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FB Livingstone Textbook
Frequencies of Hemoglobin Variants 1985

livingstone frequencies of haemoglobin variants 1985

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Frank B Livingstone (1985) Frequencies of Hemoglobin Variants: Thalassemia, The Glucose-6-
Phosphate Dehydrogenase Deficiency, G6PD Variants, and Ovalocytosis in Human Populations (New
York: Oxford University Press). ISBN: 0-19-503634-4.

In this work, the anthropologist Frank B Livingstone demonstrated that there are clines (gradients) of gene frequencies between populations measured at different territorial points at particular moments in time (Livingstone, 1985). For a sociologist, the importance of Livingstone's work is that in compiling such a global compendium, Livingstone retains the awareness that there is no primordial correspondence between genes in bodies and attachment to a particular territory (see Carter and Dyson, 2011). This is because Livingstone's classic work (Livingstone, 1958a&b) outlines how sickle cell gene frequencies in populations changed as a result of social practices (slash-and-
burn clearances of forested areas; the spread of yam cultivation; the denser concentration of human populations; the compacting of soil through agriculture: all leading to the creation of an ecological niche favouring reproduction of the malaria-carrying mosquitoes).

For the public health specialist, Livingstone's work illustrates the importance of micro-mapping in public health surveillance because gene frequencies can vary quite substantially across relatively short geographical distances. This is important information for a nation-state, or for a particular administrative region within a nation-state, that needs to be convinced, in health economics terms, that provision of screening and treatment services for sickle cell and thalassaemia should be funded by government. Since sickle cell disease and beta-thalassaemia major are genetic conditions it is often assumed, wrongly, that they cannot therefore be public health issues (but see Atrash and Parker, 2010; Ebrahim et al, 2010). To sample a few thousand people, say for sickle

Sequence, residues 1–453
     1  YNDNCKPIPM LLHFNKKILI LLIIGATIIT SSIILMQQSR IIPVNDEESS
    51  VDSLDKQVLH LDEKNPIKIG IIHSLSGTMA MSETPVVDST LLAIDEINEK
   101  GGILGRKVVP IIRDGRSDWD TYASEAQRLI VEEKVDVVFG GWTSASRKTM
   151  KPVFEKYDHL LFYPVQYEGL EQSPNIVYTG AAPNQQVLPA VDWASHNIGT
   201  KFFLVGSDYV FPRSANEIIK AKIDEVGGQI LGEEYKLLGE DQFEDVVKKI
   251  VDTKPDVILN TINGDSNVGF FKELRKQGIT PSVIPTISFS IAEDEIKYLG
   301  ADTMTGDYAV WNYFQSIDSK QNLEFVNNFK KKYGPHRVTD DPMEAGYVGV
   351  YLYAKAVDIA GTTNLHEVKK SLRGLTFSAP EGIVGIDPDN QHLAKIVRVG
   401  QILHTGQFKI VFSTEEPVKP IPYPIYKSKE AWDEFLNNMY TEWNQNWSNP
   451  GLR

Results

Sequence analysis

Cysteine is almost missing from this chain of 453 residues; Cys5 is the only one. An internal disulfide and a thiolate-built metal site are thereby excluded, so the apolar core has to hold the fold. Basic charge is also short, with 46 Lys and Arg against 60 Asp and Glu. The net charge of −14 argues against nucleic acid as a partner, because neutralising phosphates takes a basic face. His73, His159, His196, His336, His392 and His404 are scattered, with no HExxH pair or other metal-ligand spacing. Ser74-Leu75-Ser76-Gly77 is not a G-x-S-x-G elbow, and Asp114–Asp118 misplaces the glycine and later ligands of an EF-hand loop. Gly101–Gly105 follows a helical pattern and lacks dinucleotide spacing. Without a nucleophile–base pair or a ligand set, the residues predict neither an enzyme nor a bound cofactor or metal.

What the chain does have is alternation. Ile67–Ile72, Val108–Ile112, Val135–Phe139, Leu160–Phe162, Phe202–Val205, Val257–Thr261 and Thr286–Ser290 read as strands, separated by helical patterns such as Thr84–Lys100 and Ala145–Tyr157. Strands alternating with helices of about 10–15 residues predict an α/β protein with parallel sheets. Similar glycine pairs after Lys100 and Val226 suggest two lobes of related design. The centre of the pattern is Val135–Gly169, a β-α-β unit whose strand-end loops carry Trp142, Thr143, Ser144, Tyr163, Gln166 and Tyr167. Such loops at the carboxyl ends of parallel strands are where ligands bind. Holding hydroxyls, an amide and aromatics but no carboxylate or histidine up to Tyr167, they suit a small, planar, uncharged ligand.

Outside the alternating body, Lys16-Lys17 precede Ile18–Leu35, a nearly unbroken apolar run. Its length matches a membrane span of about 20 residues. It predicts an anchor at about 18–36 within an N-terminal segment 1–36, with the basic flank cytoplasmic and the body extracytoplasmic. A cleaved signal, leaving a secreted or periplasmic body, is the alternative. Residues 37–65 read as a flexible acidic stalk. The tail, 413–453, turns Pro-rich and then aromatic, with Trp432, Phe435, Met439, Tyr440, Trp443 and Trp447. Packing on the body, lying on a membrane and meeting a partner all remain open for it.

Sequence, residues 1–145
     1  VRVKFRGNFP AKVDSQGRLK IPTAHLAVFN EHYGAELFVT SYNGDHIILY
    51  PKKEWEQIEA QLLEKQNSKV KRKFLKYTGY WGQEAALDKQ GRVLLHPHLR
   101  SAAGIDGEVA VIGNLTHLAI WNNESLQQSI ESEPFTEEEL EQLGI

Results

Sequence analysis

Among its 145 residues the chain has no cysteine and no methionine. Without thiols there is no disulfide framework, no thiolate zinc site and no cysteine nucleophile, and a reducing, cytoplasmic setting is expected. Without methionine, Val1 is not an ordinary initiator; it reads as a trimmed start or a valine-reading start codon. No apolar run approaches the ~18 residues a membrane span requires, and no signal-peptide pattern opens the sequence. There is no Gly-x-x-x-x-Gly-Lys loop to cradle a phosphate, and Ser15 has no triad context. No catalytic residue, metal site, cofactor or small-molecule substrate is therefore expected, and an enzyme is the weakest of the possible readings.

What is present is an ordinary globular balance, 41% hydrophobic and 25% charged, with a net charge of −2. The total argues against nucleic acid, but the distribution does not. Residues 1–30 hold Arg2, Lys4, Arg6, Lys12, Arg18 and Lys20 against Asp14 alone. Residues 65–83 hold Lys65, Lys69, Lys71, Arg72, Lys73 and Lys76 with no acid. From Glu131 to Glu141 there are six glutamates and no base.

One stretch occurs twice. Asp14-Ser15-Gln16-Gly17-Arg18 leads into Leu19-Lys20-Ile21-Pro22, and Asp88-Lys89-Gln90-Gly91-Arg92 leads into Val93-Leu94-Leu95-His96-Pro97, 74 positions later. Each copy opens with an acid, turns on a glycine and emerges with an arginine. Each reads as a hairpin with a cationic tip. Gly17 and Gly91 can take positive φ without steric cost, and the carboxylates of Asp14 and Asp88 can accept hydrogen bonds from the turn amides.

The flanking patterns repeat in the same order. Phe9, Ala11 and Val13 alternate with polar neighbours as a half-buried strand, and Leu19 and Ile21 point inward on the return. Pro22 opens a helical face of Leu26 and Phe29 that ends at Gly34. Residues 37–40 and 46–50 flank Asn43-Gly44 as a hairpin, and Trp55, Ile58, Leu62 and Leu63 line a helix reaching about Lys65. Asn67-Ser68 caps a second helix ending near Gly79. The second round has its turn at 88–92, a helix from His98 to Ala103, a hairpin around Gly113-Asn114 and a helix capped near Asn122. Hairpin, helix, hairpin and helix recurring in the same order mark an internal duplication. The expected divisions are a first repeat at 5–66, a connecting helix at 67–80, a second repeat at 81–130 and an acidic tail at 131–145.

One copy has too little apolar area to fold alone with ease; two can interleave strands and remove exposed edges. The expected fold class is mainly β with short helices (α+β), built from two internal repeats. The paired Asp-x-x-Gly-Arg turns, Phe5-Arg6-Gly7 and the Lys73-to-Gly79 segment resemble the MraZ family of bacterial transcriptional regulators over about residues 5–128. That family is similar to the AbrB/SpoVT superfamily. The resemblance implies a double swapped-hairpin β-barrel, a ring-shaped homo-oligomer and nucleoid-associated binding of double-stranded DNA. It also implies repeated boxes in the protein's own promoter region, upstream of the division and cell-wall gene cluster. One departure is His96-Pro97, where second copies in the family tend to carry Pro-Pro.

cell trait in a sub-Saharan African country, and to extrapolate carrier rates for a whole country would be inappropriate. Livingstone's work ascribes carrier prevalence to particular populations, at particular moments, in particular places, sampled in particular ways. As such Livingstone's work reminds us of the ongoing need to improve the quality of epidemiological data we have on the haemoglobinopathies in order for countries currently less well resourced to plan the response of their health systems to sickle cell disease and to the thalassaemias.


Atrash H, Parker CS. (2010) The public health response to blood disorders American Journal of Preventive Medicine 38(4S):S451-S455.

Carter, R and Dyson, SM (2011) Territory, ancestry and descent: the politics of sickle cell disease Sociology 45(6):963-976.

Ebrahim SH, Khoja, TAM, Elachola, H, Atrash, HK, Memish, Z, Johnson, A. (2010) Children who come and go: The state of sickle cell disease in resource-poor countries American Journal of Preventive Medicine 38:(4S) S568-S570.

Livingstone, FB (1958a) Anthropological implications of sickle cell gene distribution in West Africa, American Anthropologist 60 (3): 533-562.

Livingstone, FB (1958b) The distribution of the sickle cell gene in Liberia, American Journal of Human Genetics 10 (1): 33-41.

Simon Dyson, February 2012
United Kingdom